Now, let’s take a look into the day-to-day details of how this historic event evolves. We will cover details on the pattern change, the progress of the unusually cold Arctic blast for April, and the side events, such as a sharp surface cold front across western Europe, followed by a snowstorm over central Europe and the Balkans. And what appears likely also a very high potential for damaging frost for many.



The general weather pattern begins its change this weekend and hints that something very significant is shaping up for the upcoming days. Currently, the North Atlantic has a large blocking High developed, gradually expanding into the Arctic Canada and Greenland.

In response to this shift in the general upper-level pattern, explosive cyclogenesis takes place over the Greenland Sea. It spreads a very significant Arctic cold air mass towards northern and northwestern Europe on Easter Sunday.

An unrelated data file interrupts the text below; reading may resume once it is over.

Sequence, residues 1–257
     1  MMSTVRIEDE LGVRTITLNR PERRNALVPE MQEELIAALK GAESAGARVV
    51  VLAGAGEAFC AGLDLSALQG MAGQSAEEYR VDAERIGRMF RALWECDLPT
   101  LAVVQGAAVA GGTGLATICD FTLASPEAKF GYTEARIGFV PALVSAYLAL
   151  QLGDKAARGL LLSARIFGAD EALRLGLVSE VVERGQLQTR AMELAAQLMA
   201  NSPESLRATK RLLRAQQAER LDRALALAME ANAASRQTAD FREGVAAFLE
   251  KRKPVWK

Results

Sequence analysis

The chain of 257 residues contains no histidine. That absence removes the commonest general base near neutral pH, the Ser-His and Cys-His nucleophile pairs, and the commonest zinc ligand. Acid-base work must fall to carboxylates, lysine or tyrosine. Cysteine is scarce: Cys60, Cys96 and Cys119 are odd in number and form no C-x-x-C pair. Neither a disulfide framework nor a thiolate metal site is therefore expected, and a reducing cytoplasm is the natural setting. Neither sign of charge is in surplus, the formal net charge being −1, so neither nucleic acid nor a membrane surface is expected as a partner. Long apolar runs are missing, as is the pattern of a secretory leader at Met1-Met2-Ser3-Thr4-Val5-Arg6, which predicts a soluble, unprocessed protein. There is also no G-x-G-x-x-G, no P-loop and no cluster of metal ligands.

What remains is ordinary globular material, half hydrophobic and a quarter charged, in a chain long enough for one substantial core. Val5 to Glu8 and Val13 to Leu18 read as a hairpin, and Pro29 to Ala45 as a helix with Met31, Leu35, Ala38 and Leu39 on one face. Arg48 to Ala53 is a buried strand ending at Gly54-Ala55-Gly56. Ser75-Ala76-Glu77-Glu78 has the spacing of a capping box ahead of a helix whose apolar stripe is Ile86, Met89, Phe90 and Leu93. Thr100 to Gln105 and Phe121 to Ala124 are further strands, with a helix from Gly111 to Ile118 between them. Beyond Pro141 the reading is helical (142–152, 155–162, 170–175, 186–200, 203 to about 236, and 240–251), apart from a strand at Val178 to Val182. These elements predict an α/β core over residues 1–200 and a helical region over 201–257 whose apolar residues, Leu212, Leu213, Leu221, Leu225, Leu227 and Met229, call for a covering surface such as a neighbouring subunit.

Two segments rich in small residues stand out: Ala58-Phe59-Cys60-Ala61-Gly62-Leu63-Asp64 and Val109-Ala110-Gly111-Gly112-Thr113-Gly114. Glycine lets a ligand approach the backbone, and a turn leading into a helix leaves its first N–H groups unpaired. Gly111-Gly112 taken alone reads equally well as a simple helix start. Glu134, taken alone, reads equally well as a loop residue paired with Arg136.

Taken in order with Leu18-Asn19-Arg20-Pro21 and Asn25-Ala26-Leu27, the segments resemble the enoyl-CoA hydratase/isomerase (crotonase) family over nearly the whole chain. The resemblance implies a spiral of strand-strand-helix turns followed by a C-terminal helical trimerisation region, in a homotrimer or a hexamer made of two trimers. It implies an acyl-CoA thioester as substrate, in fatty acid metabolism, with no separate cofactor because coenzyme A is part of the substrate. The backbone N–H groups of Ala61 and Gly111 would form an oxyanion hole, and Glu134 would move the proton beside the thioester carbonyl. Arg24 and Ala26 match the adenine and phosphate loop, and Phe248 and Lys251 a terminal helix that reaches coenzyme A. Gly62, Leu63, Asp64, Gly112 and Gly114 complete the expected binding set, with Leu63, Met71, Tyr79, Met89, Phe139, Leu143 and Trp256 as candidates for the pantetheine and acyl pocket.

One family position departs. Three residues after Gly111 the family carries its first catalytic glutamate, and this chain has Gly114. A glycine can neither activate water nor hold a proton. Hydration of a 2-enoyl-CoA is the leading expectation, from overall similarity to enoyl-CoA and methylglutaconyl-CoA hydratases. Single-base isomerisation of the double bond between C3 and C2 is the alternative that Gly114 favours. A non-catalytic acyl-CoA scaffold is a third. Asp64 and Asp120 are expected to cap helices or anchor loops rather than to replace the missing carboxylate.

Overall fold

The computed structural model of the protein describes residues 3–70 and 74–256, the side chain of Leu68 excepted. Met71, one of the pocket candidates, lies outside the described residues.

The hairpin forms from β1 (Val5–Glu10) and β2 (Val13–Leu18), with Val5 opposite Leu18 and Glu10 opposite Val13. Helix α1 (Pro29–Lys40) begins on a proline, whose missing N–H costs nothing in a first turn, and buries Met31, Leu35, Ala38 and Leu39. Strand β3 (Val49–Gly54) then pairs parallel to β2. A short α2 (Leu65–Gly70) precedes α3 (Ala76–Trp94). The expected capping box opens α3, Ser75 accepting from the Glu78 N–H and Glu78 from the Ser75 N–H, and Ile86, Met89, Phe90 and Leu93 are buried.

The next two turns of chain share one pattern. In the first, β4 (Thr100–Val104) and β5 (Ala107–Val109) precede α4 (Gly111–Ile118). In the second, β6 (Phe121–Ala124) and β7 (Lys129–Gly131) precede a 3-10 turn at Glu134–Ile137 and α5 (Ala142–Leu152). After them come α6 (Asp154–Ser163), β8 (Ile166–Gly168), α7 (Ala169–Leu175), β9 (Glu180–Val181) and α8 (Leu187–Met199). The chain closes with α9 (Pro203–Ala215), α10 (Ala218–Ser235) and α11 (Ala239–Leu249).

With time, the surface low grows and moves into northern Europe while the surface pressure under the upper-level ridge further west keeps rising. Some weather models are hinting at a very powerful surface High on Sunday, with even more than 1060 mbar over Greenland. This creates a textbook flow between these two large-scale features, establishing a northerly meridional flow of a very cold Arctic air mass towards Europe.

The isobars (lines connecting the same pressure) are very close together over the Greenland Sea and Iceland on Easter Sunday, which means that very strong winds will help the Arctic cold air mass push towards the south. It will be an extreme temperature anomaly over Iceland, with more than 16 °C lower than normal for early April across the whole far northern North Atlantic.